Bridging Therapy in Acute Ischemic Stroke: A Systematic Review and Meta-Analysis


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Abstract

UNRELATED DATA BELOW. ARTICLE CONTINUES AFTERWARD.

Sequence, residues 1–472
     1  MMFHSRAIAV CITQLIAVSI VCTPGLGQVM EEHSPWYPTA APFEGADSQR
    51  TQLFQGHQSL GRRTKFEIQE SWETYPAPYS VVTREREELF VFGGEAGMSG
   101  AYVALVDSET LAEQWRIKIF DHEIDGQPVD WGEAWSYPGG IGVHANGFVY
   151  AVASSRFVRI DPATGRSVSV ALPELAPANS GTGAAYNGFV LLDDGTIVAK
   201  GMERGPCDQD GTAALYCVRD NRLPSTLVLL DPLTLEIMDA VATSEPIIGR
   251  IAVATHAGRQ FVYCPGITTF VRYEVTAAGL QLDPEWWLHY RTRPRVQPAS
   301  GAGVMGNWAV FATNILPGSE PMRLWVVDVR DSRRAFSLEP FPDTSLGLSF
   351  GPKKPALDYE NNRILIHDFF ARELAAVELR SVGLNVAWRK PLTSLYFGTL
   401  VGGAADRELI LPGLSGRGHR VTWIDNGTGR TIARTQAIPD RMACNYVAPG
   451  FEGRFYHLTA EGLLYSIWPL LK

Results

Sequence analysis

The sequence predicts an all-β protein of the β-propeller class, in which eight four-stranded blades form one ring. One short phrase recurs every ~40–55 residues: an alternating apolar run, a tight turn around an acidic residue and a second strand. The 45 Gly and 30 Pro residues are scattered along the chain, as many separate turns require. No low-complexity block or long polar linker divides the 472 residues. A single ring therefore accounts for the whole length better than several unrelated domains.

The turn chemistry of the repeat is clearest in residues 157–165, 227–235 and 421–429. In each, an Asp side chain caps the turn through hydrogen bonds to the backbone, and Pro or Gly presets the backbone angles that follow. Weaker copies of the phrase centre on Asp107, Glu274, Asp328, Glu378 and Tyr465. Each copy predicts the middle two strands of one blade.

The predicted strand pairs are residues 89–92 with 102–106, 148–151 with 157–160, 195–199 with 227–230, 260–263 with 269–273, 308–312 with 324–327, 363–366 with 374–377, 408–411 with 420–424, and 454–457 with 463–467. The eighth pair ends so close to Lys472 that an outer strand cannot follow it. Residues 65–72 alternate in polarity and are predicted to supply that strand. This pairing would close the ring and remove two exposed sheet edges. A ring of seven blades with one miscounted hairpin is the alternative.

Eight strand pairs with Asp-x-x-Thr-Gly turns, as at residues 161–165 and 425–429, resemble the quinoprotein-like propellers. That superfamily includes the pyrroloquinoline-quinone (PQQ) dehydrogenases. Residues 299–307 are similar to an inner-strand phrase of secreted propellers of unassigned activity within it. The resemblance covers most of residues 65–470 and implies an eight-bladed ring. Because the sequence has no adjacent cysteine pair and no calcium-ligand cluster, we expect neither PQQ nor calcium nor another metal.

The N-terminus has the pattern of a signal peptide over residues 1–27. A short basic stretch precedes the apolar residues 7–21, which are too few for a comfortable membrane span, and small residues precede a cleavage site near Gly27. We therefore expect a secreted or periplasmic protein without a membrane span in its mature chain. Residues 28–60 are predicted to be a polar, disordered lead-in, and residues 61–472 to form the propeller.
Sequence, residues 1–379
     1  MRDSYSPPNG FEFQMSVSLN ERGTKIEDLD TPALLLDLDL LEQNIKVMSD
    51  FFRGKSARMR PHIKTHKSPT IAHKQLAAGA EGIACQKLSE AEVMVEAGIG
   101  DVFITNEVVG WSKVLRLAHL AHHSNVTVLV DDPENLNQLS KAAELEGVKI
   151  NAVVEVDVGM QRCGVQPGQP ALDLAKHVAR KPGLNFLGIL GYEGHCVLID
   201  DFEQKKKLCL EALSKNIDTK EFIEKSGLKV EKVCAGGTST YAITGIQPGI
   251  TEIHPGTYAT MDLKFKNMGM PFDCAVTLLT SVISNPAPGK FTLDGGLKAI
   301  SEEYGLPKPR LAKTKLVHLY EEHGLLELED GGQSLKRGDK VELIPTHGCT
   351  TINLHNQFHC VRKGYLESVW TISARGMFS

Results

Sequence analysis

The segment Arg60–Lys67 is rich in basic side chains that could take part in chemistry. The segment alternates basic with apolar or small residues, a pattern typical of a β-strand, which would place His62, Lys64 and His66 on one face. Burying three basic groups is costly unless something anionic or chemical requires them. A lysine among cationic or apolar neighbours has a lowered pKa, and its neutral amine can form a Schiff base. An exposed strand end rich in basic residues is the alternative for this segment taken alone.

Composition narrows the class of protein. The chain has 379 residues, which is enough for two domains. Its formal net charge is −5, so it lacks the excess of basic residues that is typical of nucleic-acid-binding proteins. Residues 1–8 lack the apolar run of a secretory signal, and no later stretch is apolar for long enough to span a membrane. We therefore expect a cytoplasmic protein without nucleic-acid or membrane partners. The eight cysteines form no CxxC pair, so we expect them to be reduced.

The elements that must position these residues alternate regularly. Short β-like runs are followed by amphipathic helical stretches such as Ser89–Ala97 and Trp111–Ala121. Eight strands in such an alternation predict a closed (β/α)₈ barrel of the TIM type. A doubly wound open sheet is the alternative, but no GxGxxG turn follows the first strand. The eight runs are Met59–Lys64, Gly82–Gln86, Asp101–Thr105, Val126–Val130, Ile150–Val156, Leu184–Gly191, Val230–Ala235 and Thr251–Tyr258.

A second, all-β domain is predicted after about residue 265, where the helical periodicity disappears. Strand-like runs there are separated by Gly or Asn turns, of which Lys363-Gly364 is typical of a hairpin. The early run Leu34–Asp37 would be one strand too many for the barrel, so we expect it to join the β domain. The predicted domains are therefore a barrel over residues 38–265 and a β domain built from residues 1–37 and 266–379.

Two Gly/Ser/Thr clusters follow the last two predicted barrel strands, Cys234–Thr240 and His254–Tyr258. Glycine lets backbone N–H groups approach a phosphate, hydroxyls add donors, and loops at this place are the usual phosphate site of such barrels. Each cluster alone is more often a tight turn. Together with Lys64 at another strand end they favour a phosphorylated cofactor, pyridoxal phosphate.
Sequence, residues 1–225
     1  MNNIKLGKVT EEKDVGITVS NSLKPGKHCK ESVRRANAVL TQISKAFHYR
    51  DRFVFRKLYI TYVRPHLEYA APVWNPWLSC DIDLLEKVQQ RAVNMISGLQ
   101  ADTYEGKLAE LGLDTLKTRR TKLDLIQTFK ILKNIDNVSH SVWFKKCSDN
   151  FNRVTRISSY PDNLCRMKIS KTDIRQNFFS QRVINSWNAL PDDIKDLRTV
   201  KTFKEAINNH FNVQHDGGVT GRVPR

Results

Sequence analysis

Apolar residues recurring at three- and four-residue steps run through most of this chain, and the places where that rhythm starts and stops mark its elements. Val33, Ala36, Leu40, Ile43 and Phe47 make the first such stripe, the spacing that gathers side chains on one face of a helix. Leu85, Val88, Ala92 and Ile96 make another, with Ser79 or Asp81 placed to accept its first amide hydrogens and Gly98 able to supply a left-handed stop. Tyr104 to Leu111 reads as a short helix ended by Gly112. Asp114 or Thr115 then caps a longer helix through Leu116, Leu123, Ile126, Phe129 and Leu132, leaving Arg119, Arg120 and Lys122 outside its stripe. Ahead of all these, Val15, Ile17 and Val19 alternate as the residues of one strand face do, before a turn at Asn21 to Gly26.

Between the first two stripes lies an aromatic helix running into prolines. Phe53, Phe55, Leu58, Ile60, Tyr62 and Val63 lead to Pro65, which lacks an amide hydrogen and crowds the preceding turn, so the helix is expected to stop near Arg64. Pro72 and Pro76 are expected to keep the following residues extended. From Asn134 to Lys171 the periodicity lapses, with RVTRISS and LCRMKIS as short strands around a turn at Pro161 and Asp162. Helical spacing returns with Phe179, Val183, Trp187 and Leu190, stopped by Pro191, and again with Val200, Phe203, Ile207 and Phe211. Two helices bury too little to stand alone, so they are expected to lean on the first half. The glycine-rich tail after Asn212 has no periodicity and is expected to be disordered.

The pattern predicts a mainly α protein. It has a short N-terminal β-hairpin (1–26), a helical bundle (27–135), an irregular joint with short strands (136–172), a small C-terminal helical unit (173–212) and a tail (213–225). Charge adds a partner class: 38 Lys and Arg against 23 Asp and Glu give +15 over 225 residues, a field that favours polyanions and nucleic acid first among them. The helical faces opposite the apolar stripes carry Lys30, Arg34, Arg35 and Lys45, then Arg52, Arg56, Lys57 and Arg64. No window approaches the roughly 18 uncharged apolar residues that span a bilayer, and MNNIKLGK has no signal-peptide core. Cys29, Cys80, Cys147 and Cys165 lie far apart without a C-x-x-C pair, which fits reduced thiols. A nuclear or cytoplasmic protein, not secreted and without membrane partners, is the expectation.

Background and Purpose—Pending the results of randomized controlled trials, the benefit and safety of bridging therapy (combined intravenous and intra-arterial thrombolysis) remain to be determined. The aim of this analysis was to give reliable estimates of efficacy and safety outcomes of bridging therapy.Methods—We conducted a systematic review of all studies using bridging therapy published between January 1966 and March 2011.Results—The literature search identified 15 studies. The pooled estimate for recanalization rate was 69.6% (95% CI, 63.9%–75.0%). Meta-analysis on clinical outcomes showed a pooled estimate of 48.9% (95% CI, 42.9%–54.9%) for favorable outcome, 17.9% (95% CI, 12.7%–23.7%) for mortality, and 8.6% (95% CI, 6.8%–10.6%) for symptomatic intracranial hemorrhage. In meta-regression analysis, the shorter mean time to intravenous treatment, the greater the recanalization rate (per 10-minute decrease: OR, 1.24; 95% CI, 1.02–1.51) and the lower mortality rate (per 10-minute decrease: OR, 0.75; 95% CI, 0.60–0.94). By using the control groups of intravenous alteplase-treated patients in 8 studies, bridging therapy was associated with a favorable outcome (OR, 2.26; 95% CI, 1.16–4.40), but no differences in mortality or symptomatic intracranial hemorrhage outcomes were found.Conclusions—Bridging therapy is associated with acceptable safety and efficacy in stroke patients. Time to intravenous treatment is critical to improve recanalization rates and favorable outcomes.

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